engaged couple looking at each other



Feb 15

lauren roberts &helen

When I was about 15 years old, I came across a book called “The Beauty Book.” It was a colorfully illustrative look at beauty through the ages. Page after page, it explored different cultures throughout various eras and painted a picture of what it meant to be an attractive woman at that time.

I can’t be sure of the exact origin of my fascination with the concept of beauty, but I know that book sparked something in me. It taught me that the definition of “lovely” has always been ever changing. Beauty has never been a singular thing, but rather a fluid and constantly shifting concept based on who has the power and status to define it at the time. Something about this revelation planted a seed of mistrust in me for what society had to say about beauty as it pertained to my body.

lauren roberts anchorage boudoir photographerlauren roberts anchorage boudoir photographer

Now, I will start off by saying that I’ve always had a fairly average body. Aside from a bout of freshman year bullying, I’ve never experienced actual discrimination because of my size (fatphobia: it’s a real thing, read about it). But I am a woman who grew up in the flat-tummied, thin-bodied, Slim Fast decade of beauty and my body did not fit those parameters. I’ve always been on the chubbier side, always a softer belly and thighs that rubbed together. Almost all the media I consumed in my childhood taught me that in order to be happy, I needed to look different than I did. The movies and commercials and weight loss ads promoted an oftentimes subtle but convincing message that “if only” if I were thinner, the boys I liked would like me back and ultimately I would be a happier person. Chasing after all those “ifs” prevented me from ever savoring my body exactly as it was.

lauren roberts &helenlauren roberts &helen

Reading through “The Beauty Book” made me question what I had been taught to believe was beautiful. Furthermore, I questioned how this idea affected the other women around me. So, I got my friends together. I set up a backdrop and lights and asked them all to tell me about a part of their body they were made to believe was shameful or unlovable. In the basement of my friend’s house, these brave women (my peers and my mentors alike) exposed their hearts in the name of exploring this “beauty” concept through art. They’re vulnerability was incredible and thinking back on it now brings tears to my eyes.

In hindsight, I can see that “The Beauty Project” was my first push back to the idea that someone else gets to arbitrarily decide what is pleasing about my body and the bodies of my fellow women. This little 3 minute film was an invitation to redefine what we see as beautiful and reclaim it for ourselves.

lauren roberts anchorage boudoir photographer

Now here I am, almost ten years later and still drawn to that same push back. As women, we so easily entertain a never-ending stream of negativity towards our own bodies and the journey towards breaking that thought harmful pattern is not easy. It’s complex and winding and full of days that feel like freedom followed by days that feel like complete defeat. It takes effort to unlearn everything we’ve been taught and I myself have certainly not “arrived.” I’m still learning and I know the effort put towards the journey is worth it. We all deserve to exist happily in our bodies and treat them with kindness and gentleness in all the forms they will take through the years, myself included.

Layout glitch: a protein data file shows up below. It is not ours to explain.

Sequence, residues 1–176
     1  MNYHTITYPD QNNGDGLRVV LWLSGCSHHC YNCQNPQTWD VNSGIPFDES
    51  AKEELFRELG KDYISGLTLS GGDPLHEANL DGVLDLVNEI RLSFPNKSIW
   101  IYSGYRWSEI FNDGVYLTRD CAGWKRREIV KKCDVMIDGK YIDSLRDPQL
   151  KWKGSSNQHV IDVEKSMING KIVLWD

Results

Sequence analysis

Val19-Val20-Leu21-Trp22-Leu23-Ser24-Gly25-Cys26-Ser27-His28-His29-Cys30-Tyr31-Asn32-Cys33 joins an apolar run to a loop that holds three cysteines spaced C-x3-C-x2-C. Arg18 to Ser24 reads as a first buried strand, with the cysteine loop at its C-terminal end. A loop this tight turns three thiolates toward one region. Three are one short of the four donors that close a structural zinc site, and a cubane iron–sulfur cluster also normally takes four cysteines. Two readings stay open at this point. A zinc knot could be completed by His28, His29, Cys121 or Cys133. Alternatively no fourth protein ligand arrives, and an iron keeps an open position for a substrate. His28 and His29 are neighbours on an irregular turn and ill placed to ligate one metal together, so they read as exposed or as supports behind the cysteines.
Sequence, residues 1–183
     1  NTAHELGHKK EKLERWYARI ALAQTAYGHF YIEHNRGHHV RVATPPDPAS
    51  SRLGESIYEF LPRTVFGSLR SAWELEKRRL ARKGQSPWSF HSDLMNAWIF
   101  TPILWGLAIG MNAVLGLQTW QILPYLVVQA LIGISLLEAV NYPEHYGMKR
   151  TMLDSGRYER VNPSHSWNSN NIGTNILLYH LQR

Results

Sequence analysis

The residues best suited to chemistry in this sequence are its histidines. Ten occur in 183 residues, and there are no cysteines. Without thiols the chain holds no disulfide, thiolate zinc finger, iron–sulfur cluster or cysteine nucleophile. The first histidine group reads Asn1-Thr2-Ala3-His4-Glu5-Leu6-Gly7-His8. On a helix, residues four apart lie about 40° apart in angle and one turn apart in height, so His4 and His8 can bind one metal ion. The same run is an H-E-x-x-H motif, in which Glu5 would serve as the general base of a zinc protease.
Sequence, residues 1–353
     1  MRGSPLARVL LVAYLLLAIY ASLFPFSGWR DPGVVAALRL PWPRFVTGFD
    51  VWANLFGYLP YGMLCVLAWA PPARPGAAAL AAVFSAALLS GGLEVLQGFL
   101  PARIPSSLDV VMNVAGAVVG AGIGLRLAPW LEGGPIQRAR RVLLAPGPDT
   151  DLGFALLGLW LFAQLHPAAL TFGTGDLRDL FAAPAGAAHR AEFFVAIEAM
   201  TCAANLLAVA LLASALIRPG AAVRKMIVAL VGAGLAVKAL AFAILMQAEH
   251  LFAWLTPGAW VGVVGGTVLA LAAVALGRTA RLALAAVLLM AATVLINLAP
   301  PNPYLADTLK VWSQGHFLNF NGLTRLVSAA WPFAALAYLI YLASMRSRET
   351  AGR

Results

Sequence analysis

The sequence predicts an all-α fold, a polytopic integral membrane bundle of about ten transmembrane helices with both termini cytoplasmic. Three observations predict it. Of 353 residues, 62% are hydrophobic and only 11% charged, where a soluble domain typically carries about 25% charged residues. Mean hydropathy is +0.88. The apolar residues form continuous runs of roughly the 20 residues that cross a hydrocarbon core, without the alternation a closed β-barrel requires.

lauren roberts &helenlauren roberts &helen

I can tell you from personal experience, boudoir is powerful. When you take off all your layers and step into a space where you’re celebrated for exactly what you are, DAMN. That experience sticks with you. It’s why I love boudoir and keep coming back to it. My boudoir sessions have and always will be a safe space for all bodies. You can let your belly be free and your thighs rub. Bring me your beautiful bony knees and long lanky arms, your lightning-strike stretch marks and your bootylicious rolls. This isn’t about posing to look skinnier or shooting to hide your perceived “flaws” (not a thing btw). I want to create imagery that celebrates you and illuminates beauty in places you’ve never seen it before.

lauren roberts anchorage boudoir photographerlauren roberts anchorage boudoir photographerlauren roberts anchorage boudoir photographer

So, here it is. Today I’m releasing brand new boudoir packages with lower entry level rates so you have no choice but to get on this train. If you’re excited, if you’re nervous, if anything you’ve read here thus far inspires a “hell yes!” deep down in your soul…then we’re probably meant to be. A photo shoot won’t change everything overnight. But holding photos of your own body in your hands makes you start to see yourself differently. It may not be everything, but it’s a damn good step in the right direction.

I’m opening up 3 dates for boudoir sessions in the next two weeks: Saturday February 23, Sunday February 24, and Saturday March 2nd. AND I’m giving away FREE ALBUMS to first 2 women who book a session with me!

Email me at hello@laurenroberts.com to request a pricing guide and let’s do this gurl!

All my love and thanks for reading,

// All portraits of me in this post were taken by the artful and kind-hearted Nicole of &Helen //

comments +

Leave a Reply

Your email address will not be published.